Kukla's Korner Hockey
by Paul on 06/03/14 at 07:49 AM ET
from Bucky Gleason of the Buffalo News,
Bettman this year had a fantasy final four: Montreal, the most storied franchise in NHL history; New York, an Original Six team playing in the nation’s largest market; Chicago, another Original Six team from a large market on the verge of a dynasty and Los Angeles, the second-largest market two years removed from a title.
The NHL has its dream Stanley Cup final with the Rangers and Kings in a best-of-seven series starting Wednesday. New York and Los Angeles, the two largest U.S. markets on opposite coasts, will play for a title for the first time since the Dodgers beat the Yankees in the 1981 World Series.
Still, with Chicago, Boston, Los Angeles and Chicago again winning the last four titles, it begs the question: Did Bettman level the playing field?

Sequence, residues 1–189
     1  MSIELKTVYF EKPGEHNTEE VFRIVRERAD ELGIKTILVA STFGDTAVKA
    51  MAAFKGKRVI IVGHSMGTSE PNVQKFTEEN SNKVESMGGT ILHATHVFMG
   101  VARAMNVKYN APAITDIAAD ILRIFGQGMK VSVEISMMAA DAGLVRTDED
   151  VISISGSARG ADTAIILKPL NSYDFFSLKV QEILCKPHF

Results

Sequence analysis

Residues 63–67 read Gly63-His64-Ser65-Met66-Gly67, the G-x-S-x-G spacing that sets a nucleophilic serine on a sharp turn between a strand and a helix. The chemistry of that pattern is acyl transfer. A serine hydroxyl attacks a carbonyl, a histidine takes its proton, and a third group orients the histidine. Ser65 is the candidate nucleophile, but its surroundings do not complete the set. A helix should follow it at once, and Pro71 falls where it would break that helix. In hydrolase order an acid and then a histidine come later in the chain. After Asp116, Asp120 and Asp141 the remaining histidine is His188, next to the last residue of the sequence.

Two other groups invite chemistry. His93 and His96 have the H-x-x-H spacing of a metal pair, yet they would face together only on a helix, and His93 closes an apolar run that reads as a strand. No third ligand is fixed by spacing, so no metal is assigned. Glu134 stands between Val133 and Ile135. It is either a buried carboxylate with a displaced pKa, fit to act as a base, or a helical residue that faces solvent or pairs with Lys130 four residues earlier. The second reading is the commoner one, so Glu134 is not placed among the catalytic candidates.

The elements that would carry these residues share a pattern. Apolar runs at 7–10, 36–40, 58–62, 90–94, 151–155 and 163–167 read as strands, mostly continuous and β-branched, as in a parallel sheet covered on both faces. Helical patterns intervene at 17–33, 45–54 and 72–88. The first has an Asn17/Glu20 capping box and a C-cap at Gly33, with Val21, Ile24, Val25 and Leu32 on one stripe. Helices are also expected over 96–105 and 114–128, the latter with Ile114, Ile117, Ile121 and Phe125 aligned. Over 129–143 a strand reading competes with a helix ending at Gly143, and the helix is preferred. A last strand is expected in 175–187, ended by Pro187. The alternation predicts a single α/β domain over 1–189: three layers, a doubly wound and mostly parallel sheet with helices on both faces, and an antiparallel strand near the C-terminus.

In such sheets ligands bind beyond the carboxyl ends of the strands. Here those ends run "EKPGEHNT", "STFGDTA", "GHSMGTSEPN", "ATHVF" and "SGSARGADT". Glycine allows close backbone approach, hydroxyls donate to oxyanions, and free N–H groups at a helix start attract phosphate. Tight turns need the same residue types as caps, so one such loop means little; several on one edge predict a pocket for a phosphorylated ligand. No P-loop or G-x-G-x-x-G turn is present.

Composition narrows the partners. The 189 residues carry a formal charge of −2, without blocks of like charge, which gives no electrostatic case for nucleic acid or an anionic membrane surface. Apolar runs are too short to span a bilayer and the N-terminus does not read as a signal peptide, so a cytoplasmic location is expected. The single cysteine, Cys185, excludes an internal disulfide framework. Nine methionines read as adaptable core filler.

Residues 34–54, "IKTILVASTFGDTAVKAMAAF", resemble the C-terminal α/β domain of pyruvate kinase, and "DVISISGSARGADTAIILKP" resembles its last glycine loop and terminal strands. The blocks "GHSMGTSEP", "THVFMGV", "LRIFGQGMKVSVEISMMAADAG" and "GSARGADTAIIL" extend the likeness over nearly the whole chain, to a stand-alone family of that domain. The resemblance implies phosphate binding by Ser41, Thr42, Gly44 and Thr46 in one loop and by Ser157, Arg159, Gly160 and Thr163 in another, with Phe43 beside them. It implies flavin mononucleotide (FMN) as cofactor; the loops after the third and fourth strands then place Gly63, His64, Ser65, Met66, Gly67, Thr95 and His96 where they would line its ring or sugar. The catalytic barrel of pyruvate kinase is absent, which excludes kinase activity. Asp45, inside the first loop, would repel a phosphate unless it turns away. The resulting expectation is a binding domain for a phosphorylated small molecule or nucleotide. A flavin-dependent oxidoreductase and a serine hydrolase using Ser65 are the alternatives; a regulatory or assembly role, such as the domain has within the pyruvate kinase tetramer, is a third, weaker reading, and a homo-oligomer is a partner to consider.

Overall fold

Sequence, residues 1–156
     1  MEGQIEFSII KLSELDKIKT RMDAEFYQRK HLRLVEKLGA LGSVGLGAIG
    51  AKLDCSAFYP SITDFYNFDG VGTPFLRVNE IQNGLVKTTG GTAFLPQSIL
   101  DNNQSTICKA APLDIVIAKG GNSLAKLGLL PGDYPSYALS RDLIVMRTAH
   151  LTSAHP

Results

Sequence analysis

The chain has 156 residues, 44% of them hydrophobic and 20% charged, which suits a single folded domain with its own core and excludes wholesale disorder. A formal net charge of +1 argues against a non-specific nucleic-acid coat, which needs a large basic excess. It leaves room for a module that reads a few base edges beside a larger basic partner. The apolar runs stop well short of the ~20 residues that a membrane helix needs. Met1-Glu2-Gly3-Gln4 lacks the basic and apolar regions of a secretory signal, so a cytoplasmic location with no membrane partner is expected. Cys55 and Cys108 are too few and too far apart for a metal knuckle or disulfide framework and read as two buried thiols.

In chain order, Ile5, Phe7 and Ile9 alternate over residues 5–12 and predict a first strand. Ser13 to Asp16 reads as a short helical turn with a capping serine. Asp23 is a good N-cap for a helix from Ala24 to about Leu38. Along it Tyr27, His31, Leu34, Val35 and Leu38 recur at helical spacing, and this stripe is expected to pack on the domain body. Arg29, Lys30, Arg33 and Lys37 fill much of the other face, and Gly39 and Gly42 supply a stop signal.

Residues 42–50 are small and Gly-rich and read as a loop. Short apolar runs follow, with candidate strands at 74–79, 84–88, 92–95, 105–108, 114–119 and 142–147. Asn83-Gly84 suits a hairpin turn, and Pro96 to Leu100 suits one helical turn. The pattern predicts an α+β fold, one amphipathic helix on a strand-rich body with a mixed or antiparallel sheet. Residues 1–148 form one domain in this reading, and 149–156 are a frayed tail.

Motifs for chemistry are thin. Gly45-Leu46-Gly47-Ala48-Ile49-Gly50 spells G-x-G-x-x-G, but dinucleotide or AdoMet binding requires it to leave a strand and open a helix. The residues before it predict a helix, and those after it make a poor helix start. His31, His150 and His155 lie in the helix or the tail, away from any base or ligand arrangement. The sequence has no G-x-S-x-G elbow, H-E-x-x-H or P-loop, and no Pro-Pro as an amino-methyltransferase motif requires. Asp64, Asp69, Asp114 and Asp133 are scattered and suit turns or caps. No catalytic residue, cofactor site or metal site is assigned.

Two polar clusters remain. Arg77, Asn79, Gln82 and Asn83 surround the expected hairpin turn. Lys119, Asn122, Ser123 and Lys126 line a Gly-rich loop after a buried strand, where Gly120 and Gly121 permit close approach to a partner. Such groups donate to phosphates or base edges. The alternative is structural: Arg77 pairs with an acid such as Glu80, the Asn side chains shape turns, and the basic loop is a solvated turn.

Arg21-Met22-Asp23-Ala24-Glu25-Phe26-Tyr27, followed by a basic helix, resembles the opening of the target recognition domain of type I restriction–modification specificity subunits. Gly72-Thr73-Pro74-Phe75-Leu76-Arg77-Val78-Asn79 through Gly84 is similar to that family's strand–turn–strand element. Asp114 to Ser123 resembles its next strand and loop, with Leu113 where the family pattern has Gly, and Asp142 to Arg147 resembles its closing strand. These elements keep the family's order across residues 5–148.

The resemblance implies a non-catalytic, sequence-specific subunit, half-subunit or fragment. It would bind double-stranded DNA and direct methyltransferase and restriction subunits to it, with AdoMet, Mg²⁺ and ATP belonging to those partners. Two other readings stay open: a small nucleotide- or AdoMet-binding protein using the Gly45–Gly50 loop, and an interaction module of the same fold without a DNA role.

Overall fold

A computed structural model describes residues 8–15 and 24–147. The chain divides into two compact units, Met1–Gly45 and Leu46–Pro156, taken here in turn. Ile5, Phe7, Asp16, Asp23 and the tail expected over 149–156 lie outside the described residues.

The salary cap created competitive balance Bettman wanted. Teams such as Buffalo and Edmonton have nobody but themselves to blame for their ineptitude in recent years. The same goes with Toronto, Calgary, the Islanders and any other team that has consistently fallen embarrassingly short.
Bettman’s stroke of brilliance, or luck — and it’s actually a combination of both — can be found in two ways. He created competitive balance by limiting the money teams could spend on players, but he also forced teams to construct tighter payrolls and rethink their approaches when it came to personnel.
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